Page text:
Common Diagnoses That Recovering Addicts Face

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Addiction can come with a myriad of problems, difficulties and troubles. Some of them predate the addiction and some are caused by the type of life the addict lives. When this arises in the addict is it important to take care of the addiction first before tackling other problems. Many addicts that have really been through the thick of it deal with a dual diagnosis, anything from PTSD, to social anxiety. All things that make the road to recovery that much more difficult to traverse. All of these need a different level of care to recover from, all need to be tackled as an independent issue and can’t always be lumped in together. It is true that the use of drugs and alcohol can exacerbate the issue, but that doesn’t mean that when the addict does get clean and sober the other problems are fixed. Even if the symptoms have lessened. In this article we will cover a couple of the common diagnosis that can accompany the recovering addict.


Post-traumatic stress disorder is a mental condition that is triggered or induced by experiencing or witnessing a terrifying event. These events are often the result of violence; whether it be physical, verbal or sexual. Symptoms may start within a month of the traumatic event, but sometimes don’t surface until years after the event. These symptoms may cause difficulties at work, in social or work situations. They may also make having an intimate relationship very difficult to maintain. Things may even progress to the point where achieving even simple daily tasks become too difficult to complete.

PTSD symptoms can generally be grouped into four types: intrusive memories, avoidance, negative changes in thinking or mood, and changes in physical and emotional reactions. Symptoms can vary over time or vary from person to person.

Intrusive memories

  • Recurrent distressing memories of the traumatic event
  • Reliving the traumatic event as if it were happening again, most commonly referred to as “flashbacks”
  • Vivid dreams or nightmares of the events or similar events
  • Severe emotional or physical reactions to something that reminds you of the event


  • Trying to avoid talking about or thinking about the traumatic event
  • Avoiding places, people or topics that remind you of the event

Negative changes in thinking

  • Hopelessness about the future
  • Negative thoughts about the people around you or the world in general
  • Difficulty remembering details, especially specific parts of the traumatic event
  • Detachment from family
  • Lack of interest in things you once enjoyed
  • Difficulty experiencing positive emotions
  • Feeling emotionally numb

Changes in physical and emotional reactions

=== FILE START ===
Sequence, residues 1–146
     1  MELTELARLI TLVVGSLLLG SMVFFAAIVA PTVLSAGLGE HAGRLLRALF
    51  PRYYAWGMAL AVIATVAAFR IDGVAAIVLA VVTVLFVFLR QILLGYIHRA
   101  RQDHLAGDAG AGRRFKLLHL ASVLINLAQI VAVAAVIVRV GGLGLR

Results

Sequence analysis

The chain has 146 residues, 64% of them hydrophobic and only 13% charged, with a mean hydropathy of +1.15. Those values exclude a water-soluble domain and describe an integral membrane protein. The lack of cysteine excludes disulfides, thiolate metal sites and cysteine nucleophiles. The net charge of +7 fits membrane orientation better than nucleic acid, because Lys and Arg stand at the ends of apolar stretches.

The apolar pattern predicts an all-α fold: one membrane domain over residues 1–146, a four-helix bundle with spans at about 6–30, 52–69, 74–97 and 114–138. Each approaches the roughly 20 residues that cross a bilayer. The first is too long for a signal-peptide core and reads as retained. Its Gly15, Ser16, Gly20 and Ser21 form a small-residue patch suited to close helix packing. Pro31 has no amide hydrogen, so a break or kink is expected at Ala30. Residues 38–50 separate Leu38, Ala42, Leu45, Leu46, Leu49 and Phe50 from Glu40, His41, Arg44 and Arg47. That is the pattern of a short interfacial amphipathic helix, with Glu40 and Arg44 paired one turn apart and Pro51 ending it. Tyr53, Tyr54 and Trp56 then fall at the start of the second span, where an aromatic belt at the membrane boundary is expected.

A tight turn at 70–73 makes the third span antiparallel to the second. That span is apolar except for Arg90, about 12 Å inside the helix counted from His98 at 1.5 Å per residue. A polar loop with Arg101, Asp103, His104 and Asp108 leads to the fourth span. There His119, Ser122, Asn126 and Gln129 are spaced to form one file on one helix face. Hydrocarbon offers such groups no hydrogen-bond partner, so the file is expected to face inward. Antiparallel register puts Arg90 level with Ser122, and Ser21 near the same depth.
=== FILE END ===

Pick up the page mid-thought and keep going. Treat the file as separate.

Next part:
• Being easily startled or frightened
  • Always being on guard for danger
  • Self-destructive behavior
  • Trouble sleeping or concentrating
  • Irritability, angry outbursts or aggressive behavior
  • Overwhelming guilt or shame

Intensity of these symptoms can vary widely from person to person. General stress can sometimes cause the symptoms to flare up or reminders of the initial trauma. One can hardly handle the rigors of recovering from PTSD with active addiction going on. Once the addiction is sorted out then recovery can start on the trauma.

Social Anxiety

The defining feature of social anxiety or social phobia, is intense anxiety or fear of being judged, negatively evaluated, or rejected in a social or performance situation. This results in isolation and depression. Two things that can be very detrimental to an addict especially one in recovery. On one side of the spectrum anxiety can cause un-comfortability in social situations or large crowds, and on the other can cause full blown panic attacks resulting in rapid heartbeat, sweaty palms, shortness of breath, and nausea. Symptoms may be so extreme that they disrupt daily life and can interfere significantly with daily routines, occupational performance, or social life, making it difficult to complete school, interview and get a job, and have friendships and romantic relationships. People with social anxiety disorder are also at an increased risk for developing major depressive disorder and alcohol and drug use disorders. Addiction and anxiety feed off each other, they each exasperate the already dire situation.

In treating anxiety there are a few outlets to try. There are many medical professionals that can help navigate the tricky road that is recovery. Many medications can help with these feelings of unease, along with talking to a therapist, or possibly joining a support group. Whichever route is taken both the addiction and the anxiety need to be treated because this combinations of disorders can be deadly.

Although the substance abuse may be the most prominent or most evident problem, most addicts come with a myriad of other problems. And they all have a specific treatment and a specific road to recovery. But all avenues need to be explored, all problems need to be faced. Because of the volatility that this mixture creates a lapse in one part can lead to total collapse in all areas. But there is help out there and an answer that is worth finding.

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